Posts tagged: Ben Wolfinger
Is sodomy against the law in Idaho? More to the point: If a law in Idaho violates the Constitution – as determined by the constitutionally created Supreme Court – is it still a law? If you want the correct answer, don’t ask Kootenai County Sheriff Ben Wolfinger. And the fact that Wolfinger seems not to know, or maybe care, about the answers should give pause to anyone who thinks it’s swell that Wolfinger wants to go all judge, jury and executioner on the Boy Scout troop his office sponsors. Wolfinger said last week that he’s not sure the Kootenai County Sheriff’s Office can continue its charter with the Boy Scouts, due to the Scouts’ recent decision to stop discriminating against gay kids. Wolfinger based this qualm, in part, on Idaho’s 1972 anti-sodomy law/Shawn Vestal, SR. More here. (SR file photo: Kathy Plonka)
Ben Wolfinger, the sheriff of Kootenai County, said he has not decided to keep or drop the Boy Scout troop chartered by the sheriff’s office. But he said his Christian faith and what the Bible says about homosexuality are weighing heavily on him as he struggles with the recent decision by the Boy Scouts of America to end the organization’s membership ban on gay youth. “I don’t think I can make any decision in my life without bringing my faith into it,” Wolfinger, an elder in the large, evangelical Real Life Ministries church, said in an interview Thursday. “My faith influences what I do every day.” Wolfinger indicated last week he was compelled to drop the charter with Troop 911, saying it would be inappropriate for the sheriff’s office to continue the association because Idaho’s “crimes against nature” statute prohibits sodomy/Scott Maben, SR. More here. (SR file photo of Sheriff Wolfinger in February)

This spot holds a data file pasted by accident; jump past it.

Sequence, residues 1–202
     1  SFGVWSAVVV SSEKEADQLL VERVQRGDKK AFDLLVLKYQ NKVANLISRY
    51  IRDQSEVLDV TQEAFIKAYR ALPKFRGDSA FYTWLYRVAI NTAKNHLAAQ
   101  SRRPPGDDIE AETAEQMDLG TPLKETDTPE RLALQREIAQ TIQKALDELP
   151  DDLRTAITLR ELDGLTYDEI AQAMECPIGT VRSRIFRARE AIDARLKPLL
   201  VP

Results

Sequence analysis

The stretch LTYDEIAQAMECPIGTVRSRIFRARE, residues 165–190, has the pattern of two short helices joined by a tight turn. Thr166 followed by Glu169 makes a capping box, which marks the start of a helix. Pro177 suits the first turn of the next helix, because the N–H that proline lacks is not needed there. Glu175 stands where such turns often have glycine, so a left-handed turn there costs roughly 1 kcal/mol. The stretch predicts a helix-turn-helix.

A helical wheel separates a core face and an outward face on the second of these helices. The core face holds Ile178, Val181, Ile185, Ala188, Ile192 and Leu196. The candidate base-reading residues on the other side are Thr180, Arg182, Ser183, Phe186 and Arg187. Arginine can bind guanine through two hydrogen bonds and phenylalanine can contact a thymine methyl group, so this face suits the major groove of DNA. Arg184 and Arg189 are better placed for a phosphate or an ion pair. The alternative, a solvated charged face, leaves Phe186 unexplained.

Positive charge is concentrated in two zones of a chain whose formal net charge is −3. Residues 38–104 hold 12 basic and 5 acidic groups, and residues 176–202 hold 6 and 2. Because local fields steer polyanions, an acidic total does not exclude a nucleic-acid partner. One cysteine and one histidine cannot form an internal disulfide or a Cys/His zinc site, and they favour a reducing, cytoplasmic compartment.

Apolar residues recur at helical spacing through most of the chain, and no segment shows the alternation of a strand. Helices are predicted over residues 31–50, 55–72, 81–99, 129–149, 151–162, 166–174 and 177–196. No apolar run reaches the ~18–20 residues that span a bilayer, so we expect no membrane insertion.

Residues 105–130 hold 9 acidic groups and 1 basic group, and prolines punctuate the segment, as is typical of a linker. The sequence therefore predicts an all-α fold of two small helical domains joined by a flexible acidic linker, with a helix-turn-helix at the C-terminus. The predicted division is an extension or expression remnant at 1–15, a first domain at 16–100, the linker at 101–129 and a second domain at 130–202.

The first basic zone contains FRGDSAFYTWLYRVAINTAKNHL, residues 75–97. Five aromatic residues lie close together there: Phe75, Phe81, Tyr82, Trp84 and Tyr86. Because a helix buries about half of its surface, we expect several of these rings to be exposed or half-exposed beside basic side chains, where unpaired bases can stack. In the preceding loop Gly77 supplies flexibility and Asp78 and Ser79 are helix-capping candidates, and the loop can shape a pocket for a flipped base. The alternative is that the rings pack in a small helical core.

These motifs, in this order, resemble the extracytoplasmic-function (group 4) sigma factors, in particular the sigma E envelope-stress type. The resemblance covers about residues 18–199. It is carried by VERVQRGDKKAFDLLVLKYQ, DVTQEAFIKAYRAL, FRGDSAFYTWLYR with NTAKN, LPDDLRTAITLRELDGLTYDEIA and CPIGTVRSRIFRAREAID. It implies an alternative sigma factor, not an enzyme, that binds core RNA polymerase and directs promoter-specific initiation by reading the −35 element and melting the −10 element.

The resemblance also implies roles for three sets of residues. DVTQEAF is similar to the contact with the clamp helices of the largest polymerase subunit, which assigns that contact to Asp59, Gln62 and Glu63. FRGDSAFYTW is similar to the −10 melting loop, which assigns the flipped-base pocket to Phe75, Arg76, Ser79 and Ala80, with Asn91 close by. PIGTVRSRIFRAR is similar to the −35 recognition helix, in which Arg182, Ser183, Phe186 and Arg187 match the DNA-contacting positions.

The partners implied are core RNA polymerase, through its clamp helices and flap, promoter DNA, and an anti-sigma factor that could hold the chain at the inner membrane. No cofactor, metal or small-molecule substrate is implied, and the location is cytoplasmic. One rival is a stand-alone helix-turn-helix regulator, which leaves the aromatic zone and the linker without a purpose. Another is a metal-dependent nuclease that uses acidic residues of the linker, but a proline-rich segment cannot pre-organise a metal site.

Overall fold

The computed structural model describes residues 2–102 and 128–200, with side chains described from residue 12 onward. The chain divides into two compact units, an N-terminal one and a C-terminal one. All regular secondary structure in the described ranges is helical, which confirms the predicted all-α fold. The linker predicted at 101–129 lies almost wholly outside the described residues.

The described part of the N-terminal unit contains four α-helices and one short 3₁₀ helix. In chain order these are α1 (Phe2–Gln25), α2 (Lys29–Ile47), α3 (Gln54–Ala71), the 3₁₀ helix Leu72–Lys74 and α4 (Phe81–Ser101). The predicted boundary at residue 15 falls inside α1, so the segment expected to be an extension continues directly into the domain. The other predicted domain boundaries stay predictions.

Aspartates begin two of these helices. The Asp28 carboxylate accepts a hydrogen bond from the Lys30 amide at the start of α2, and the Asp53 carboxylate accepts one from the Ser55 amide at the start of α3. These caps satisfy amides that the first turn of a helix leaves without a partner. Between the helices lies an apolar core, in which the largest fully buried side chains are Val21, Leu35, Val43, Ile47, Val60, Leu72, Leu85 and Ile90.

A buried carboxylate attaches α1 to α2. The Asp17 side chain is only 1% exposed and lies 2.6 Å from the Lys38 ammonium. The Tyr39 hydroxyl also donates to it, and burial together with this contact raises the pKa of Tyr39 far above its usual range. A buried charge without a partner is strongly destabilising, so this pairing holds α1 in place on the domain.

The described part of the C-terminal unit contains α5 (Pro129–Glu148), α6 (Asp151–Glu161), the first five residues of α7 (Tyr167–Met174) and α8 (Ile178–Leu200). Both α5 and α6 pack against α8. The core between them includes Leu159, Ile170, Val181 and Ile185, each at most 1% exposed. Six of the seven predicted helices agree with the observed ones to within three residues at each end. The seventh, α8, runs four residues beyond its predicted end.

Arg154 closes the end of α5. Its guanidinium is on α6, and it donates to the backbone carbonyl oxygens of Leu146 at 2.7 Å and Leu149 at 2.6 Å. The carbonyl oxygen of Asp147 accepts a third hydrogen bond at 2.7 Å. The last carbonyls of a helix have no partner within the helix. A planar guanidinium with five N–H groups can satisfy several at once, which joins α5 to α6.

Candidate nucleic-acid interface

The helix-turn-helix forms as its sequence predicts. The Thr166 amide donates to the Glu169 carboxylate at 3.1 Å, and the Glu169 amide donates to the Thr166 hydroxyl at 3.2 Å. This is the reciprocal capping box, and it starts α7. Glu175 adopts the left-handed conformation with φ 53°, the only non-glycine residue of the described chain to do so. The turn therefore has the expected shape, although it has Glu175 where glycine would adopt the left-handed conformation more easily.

Question: What would you tell the sheriff to consider as he reaches a decision re: the Boy Scout charter?
In his weekly Cheers & Jeers column, opinionator Marty Trillhaase of the Lewiston Tribune give jeers to …
… Kootenai County Sheriff Ben Wolfinger. Peeved at the Boy Scouts of America national office's decision to admit openly gay boys, Wolfinger is ending his department's sponsorship of a Boy Scout troop. Bad enough that a man in his position would practice open discrimination against boys. That's on Wolfinger's conscience. But Wolfinger justifies his decision on Idaho's 1972 anti-sodomy law. “It would be inappropriate for the sheriff's office to sponsor an organization that is promoting a lifestyle that is in violation of state law,” he said.It may be on the books, but it's not the law. Ten years ago, the U.S. Supreme Court struck down an anti-sodo-my law in Texas - and with it, the statute in Idaho and the 12 other holdouts. How can Kootenai County's top cop be so ignorant of the law? What else doesn't he know? Complete Cheers & Jeers column here.
Item: Sheriff mum after meeting: Wolfinger may end Boy Scout charter after gay ban pulled/Jeff Selle, Coeur d'Alene Press
More Info: A meeting between the Inland Northwest Council of the Boy Scouts of America and the Kootenai County sheriff didn't appear to change anything Tuesday. Kootenai County Sheriff's Lt. Stu Miller said Sheriff Ben Wolfinger had no further comment on Friday's decision to pull the KCSO's Boy Scout charter. The sheriff announced he was pulling it because the BSA National Council passed a resolution last week that removed a ban against openly gay members in the scouts. On Friday, Wolfinger said “It would be inappropriate for the sheriff's office to sponsor an organization that is promoting a lifestyle that is in violation of state law.” He said sodomy was illegal in the state of Idaho.
Question: How do you think this will play out?